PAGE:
Handling of peripheral intravenous cannulae: effects of evidence-based clinical guidelines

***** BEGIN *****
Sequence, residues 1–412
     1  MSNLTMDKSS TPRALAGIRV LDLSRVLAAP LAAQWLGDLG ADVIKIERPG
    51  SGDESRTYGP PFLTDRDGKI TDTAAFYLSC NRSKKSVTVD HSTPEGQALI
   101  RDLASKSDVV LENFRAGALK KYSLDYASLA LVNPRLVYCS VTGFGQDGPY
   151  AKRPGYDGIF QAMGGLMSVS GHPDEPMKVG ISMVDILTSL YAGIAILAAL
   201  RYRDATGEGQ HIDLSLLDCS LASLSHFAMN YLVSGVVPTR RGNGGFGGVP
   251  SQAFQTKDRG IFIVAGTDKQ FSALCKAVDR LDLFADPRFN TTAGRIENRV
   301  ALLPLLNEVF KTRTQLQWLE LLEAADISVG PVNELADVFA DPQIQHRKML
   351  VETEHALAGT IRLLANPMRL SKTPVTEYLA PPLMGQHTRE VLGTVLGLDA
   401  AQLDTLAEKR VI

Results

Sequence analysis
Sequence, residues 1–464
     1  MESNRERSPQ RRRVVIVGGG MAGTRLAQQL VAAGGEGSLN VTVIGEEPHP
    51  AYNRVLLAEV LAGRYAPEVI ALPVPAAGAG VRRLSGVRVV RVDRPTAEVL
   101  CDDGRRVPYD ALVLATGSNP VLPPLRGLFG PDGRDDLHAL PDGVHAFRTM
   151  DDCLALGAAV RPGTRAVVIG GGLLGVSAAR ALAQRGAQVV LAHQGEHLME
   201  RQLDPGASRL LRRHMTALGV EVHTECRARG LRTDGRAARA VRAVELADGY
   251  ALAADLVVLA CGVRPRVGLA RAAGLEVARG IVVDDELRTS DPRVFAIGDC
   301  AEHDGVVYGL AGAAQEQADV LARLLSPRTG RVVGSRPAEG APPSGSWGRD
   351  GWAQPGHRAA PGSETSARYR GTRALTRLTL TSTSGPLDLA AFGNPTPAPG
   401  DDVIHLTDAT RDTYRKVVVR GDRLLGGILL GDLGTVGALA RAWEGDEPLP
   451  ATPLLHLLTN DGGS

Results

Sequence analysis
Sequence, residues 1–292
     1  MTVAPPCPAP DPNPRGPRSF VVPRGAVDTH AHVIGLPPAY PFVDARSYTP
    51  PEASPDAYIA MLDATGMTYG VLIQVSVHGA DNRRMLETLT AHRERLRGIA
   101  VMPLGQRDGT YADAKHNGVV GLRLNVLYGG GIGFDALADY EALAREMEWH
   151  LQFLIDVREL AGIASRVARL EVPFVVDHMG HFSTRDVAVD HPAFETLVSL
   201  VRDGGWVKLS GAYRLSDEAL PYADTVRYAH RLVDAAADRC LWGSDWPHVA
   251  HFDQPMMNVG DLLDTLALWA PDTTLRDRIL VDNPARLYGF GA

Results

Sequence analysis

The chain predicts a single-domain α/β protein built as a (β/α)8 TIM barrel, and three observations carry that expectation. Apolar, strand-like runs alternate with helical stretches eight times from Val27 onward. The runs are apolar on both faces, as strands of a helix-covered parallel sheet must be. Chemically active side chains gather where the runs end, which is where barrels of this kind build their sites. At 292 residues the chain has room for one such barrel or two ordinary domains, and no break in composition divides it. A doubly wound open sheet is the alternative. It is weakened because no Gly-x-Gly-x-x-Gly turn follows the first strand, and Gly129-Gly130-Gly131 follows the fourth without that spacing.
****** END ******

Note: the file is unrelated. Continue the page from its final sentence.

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AimThis study aimed at evaluating the outcome of implemented evidence-based clinical guidelines by means of surveying the frequency of thrombophlebitis, nurses' care, handling and documentation of peripheral intravenous cannulae.BackgroundPeripheral intravenous cannulae are frequently used for vascular access and, thereby, the patients will be exposed to local and systemic infectious complications. Evidence-based knowledge of how to prevent these complications and how to care for patients with peripheral intravenous cannula is therefore of great importance. Deficient care, handling and documentation of peripheral intravenous cannulae have previously been reported.DesignA cross-sectional survey was conducted by a group of nurses at three wards at a university hospital before and after the implementation of the evidence-based guidelines.MethodA structured observation protocol was used to review the frequency of thrombophlebitis, the nurses' care, handling and the documentation of peripheral intravenous cannulae in the patient's record.ResultsA total of 107 and 99 cannulae respectively were observed before and after the implementation of the guidelines. The frequency of peripheral intravenous cannulae without signs of thrombophlebitis increased by 21% (P < 0·01) and the use of cannula size 0·8 mm increased by 22% (P < 0·001). Nurses' documentation of peripheral intravenous cannula improved significantly (P < 0·001).ConclusionWe conclude that implementation of the guidelines resulted in significant improvements by means of decreased frequency of signs of thrombophlebitis, increased application of smaller cannula size (0·8 mm), as well as of the nurses' documentation in the patient's record.Relevance to clinical practiceFurther efforts to ameliorate care and handling of peripheral intravenous cannulae are needed. This can be done by means of increasing nurses' knowledge and recurrent quality reviews. Well-informed patients can also be more involved in the care than is common today.

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